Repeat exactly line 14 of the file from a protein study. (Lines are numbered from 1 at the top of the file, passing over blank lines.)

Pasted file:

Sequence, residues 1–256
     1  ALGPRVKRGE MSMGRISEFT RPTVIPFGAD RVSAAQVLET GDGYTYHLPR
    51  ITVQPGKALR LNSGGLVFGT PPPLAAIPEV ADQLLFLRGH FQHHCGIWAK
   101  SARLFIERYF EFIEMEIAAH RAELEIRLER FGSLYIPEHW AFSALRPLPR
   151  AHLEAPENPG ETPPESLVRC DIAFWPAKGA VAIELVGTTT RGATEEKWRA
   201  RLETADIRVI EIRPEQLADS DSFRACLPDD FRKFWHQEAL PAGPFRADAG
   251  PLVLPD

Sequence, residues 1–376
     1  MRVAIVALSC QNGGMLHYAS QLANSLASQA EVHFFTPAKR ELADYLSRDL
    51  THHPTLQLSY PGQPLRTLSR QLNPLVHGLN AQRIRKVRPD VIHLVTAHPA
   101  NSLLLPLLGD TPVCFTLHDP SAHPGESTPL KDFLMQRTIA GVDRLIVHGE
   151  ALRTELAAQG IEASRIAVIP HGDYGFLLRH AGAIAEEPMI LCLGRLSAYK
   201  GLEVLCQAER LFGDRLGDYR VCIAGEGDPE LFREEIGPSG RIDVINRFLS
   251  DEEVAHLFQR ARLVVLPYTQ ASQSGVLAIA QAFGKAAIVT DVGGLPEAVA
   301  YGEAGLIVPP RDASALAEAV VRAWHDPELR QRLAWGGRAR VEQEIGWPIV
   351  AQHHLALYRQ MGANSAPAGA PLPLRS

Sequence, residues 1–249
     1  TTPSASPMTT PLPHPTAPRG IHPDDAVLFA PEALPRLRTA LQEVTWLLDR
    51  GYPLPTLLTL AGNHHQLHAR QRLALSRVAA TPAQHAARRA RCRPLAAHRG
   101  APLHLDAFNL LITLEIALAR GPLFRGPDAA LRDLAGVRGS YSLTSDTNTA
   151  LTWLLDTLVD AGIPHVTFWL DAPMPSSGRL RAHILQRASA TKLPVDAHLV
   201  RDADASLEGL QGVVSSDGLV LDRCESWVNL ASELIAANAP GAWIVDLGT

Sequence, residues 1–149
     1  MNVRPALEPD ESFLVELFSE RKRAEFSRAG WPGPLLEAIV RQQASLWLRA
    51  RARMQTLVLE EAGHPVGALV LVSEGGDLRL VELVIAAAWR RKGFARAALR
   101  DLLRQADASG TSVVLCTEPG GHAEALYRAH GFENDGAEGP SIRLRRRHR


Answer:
   251  DEEVAHLFQR ARLVVLPYTQ ASQSGVLAIA QAFGKAAIVT DVGGLPEAVA